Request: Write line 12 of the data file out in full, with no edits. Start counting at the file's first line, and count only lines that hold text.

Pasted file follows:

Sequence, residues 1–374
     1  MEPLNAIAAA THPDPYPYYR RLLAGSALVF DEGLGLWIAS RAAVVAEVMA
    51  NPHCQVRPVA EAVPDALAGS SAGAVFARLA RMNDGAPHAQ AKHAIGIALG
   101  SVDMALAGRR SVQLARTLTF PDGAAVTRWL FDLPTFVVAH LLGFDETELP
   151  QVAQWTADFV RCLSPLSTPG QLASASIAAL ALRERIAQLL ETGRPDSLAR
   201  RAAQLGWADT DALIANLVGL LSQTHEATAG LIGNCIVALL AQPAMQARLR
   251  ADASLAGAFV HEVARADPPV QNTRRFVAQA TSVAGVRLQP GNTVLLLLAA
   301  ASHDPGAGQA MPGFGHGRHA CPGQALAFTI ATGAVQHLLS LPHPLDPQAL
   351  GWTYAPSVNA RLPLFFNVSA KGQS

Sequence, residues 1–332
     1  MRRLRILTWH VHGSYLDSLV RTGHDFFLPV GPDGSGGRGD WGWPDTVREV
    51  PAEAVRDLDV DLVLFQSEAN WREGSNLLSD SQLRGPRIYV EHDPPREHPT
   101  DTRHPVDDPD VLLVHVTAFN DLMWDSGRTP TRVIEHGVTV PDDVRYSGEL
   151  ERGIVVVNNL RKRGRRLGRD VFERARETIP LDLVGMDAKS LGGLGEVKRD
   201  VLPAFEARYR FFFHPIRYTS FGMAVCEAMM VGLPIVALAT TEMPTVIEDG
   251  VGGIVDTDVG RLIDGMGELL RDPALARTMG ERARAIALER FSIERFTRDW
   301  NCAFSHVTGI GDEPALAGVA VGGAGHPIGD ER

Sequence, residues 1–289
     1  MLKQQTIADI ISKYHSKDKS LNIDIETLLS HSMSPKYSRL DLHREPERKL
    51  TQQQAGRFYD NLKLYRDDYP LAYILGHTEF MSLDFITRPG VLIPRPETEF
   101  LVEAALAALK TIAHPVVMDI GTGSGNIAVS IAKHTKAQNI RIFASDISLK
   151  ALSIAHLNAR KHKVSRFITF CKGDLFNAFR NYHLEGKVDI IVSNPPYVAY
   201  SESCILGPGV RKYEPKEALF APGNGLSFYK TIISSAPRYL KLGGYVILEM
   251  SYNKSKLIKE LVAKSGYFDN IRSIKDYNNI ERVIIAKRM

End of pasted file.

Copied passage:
    51  PAEAVRDLDV DLVLFQSEAN WREGSNLLSD SQLRGPRIYV EHDPPREHPT